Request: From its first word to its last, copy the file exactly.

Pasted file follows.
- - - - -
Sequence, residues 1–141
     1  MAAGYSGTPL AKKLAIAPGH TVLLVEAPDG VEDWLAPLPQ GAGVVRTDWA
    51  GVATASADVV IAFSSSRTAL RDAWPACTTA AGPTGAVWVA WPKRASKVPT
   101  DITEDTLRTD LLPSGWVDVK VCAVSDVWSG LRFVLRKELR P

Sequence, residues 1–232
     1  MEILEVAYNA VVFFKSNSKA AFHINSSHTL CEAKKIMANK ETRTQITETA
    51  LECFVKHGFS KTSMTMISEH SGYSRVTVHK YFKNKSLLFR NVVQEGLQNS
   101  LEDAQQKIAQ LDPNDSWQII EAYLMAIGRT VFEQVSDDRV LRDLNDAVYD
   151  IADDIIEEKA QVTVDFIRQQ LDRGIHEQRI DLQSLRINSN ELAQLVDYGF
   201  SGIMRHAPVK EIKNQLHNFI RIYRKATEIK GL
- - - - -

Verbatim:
Sequence, residues 1–141
     1  MAAGYSGTPL AKKLAIAPGH TVLLVEAPDG VEDWLAPLPQ GAGVVRTDWA
    51  GVATASADVV IAFSSSRTAL RDAWPACTTA AGPTGAVWVA WPKRASKVPT
   101  DITEDTLRTD LLPSGWVDVK VCAVSDVWSG LRFVLRKELR P

Sequence, residues 1–232
     1  MEILEVAYNA VVFFKSNSKA AFHINSSHTL CEAKKIMANK ETRTQITETA
    51  LECFVKHGFS KTSMTMISEH SGYSRVTVHK YFKNKSLLFR NVVQEGLQNS
   101  LEDAQQKIAQ LDPNDSWQII EAYLMAIGRT VFEQVSDDRV LRDLNDAVYD
   151  IADDIIEEKA QVTVDFIRQQ LDRGIHEQRI DLQSLRINSN ELAQLVDYGF
   201  SGIMRHAPVK EIKNQLHNFI RIYRKATEIK GL